An “electronic bill of lading service provider” is a company that maintains the system with a ledger of events of creation and transfer of documents of title between registered users using a technology platform or a portal. 

A legal transfer of the document from one entity to another happens when the document is electronically transferred and recorded through the use of an electronic ledger which could be a computer database or a blockchain.

A bill of lading, whether paper or electronic, is a document of title (depending on how it is issued) and therefore related to possession of the title.

The terms’ possession and title are slightly different in the world of digital documents because here the term exclusive control is becoming increasingly relevant, and it performs some of the functions that are similar to possession; however not all.

It is important to understand that legal validity recognition can be defined at different levels. It may be accepted as a contractual solution between users of the same digital platform, as mandatory law through an international treaty that solves open legal questions, as a widely recognized international instrument, or as simply a domestic law based on MLETR”.

 

Progress of electronic trade documentation in 2022

Fast forward to 2022, many of the doubts and concerns relating to the issue, release, and transmission of electronic bills of lading have been allayed by the improvements in the technology and the testing of interoperability between service providers.

There is enhanced activity by organisations such as the International Chamber of Commerce, World Trade Organisation, Digital Container Shipping Association (DCSA), UNCITRAL, and others to push the set up of fundamental legal frameworks for electronic trade document adoption and standards for electronic trade document transfers.

Some countries have already implemented their own solutions and legislated electronic trade documents making it equivalent to paper trade documents, while many are just now making a concerted effort for a global digitalisation breakthrough.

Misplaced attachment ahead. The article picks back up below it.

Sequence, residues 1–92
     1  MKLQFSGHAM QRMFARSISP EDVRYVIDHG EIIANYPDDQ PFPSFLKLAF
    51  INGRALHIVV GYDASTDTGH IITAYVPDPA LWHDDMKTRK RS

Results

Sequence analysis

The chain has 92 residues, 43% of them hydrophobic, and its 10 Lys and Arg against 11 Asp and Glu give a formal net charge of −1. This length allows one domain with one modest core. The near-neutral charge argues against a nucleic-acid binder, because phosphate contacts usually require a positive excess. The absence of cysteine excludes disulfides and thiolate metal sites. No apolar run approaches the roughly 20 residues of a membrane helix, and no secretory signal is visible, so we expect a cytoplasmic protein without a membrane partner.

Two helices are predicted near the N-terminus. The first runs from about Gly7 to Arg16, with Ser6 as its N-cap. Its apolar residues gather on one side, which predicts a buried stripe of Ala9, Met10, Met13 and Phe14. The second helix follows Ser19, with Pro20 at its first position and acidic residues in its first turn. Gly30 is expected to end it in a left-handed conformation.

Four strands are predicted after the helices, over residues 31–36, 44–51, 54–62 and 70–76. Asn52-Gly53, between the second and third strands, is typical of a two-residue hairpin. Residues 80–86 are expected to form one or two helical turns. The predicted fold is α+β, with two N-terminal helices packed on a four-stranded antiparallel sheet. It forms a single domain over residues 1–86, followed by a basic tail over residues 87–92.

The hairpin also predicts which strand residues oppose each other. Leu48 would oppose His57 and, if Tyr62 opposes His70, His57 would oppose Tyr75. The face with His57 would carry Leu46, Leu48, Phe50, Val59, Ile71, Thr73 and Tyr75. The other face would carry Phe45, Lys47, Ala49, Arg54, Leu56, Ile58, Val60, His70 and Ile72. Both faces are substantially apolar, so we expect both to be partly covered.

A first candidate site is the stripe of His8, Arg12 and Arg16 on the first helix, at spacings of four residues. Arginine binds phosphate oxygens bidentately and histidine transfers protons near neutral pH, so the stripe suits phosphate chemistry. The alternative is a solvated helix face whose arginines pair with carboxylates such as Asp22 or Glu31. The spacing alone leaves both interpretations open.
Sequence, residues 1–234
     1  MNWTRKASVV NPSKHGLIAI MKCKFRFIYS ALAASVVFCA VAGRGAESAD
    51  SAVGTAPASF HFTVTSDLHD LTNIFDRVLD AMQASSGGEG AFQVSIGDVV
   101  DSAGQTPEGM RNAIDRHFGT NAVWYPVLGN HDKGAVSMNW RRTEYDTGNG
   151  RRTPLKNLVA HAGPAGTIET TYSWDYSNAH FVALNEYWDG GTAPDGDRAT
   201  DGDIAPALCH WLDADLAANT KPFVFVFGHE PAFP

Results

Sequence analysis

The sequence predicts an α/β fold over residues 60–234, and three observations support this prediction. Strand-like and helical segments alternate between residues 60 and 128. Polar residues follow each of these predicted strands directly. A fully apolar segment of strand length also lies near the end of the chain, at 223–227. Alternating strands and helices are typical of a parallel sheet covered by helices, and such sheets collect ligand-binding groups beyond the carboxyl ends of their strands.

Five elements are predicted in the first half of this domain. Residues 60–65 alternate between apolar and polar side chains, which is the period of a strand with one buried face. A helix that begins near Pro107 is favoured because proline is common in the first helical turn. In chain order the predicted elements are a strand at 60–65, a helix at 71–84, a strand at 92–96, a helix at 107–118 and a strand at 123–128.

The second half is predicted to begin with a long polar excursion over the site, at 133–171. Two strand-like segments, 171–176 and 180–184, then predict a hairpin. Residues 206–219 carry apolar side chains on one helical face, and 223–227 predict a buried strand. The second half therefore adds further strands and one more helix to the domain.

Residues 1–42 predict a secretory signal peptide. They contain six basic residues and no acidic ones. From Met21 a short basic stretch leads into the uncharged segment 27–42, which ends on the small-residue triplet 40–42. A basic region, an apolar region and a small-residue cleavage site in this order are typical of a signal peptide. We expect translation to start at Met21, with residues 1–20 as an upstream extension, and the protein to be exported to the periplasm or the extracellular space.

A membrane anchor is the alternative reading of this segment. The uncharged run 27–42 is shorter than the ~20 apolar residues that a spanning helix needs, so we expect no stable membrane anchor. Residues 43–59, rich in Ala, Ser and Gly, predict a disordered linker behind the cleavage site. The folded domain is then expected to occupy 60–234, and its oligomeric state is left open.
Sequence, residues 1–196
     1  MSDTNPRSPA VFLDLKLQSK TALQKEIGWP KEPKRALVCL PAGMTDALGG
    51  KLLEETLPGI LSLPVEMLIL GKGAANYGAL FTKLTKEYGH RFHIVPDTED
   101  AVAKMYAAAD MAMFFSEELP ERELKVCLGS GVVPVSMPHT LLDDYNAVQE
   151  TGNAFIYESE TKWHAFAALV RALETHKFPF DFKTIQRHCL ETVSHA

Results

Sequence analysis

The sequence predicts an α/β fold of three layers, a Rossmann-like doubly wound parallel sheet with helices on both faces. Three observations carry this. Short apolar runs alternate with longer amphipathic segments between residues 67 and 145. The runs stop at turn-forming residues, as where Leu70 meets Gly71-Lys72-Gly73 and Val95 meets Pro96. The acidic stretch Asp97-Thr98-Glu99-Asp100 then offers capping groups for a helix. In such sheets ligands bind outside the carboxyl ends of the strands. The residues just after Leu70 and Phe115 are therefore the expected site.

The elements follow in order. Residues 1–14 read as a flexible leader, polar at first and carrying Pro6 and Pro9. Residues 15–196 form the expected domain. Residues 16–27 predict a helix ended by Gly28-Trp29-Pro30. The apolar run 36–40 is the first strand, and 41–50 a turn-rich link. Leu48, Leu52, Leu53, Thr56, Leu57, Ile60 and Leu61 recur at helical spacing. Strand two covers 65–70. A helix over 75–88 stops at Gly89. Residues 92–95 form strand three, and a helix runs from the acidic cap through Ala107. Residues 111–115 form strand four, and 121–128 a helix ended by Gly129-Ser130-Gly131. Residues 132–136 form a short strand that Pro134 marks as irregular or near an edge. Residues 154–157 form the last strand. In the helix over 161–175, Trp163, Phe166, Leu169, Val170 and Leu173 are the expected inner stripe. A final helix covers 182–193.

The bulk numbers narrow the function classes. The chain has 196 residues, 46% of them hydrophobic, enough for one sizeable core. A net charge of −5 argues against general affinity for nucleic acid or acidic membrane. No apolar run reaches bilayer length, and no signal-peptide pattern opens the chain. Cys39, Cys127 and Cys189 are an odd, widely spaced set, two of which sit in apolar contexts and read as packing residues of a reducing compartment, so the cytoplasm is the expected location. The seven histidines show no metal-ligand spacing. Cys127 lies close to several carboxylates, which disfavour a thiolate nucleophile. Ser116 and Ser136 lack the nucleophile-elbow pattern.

Shipping and logistics bodies such as the International Federation of Freight Forwarders Associations (FIATA), also known as ‘the global voice of freight logistics’ are already conducting live tests of eBL platform interoperability with major banks, and CargoX is one of the major electronic bill of lading service providers collaborating with these bodies.

Apart from this, alliances such as Future International Trade Alliance (FIT Alliance) which is a collaboration between DCSA, BIMCO, ICC, and SWIFT have signed MOUs to standardize the digitalisation of international trade. 

The ICC’s Banking Commission recently published its Uniform Rules for Digital Trade Transactions (URDTT) Version 1.0, a collective understanding of terms and definitions to make it possible for trade transactions to be fully conducted digitally.

As it stands, the use of electronic trade documents, such as electronic Bills of Lading, is already safe, secure, and foremost legal with countries like Singapore successfully issuing electronic bills of lading as part of their adoption of the Model Law on Electronic Transferable Records (MLETR) by The United Nations Commission on International Trade Law (UNCITRAL).

The concept can be used for various other trade documents legally if all the parties agree to such an exchange of documents electronically.


About the Author

electronic trade documents vs paper documents the legal anglePatrick Vlacic is the Legal Advisor for CargoX. He is a legal expert in the fields of Transport Law, Maritime Law, Insurance Law, Obligations Law, and Air Law. 

Patrick is an Associate Professor at the University of Ljubljana, Faculty of Maritime Studies and Transport, and also the former Minister of transport in the Government of the Republic of Slovenia.

 

1 COMMENT

  1. It’s always interesting to me that air freight, which often involves very high value goods, does not rely on original documents and never has. Would be nice to draw comparisons and question why this is so important in ocean shipments, apart from traditional law.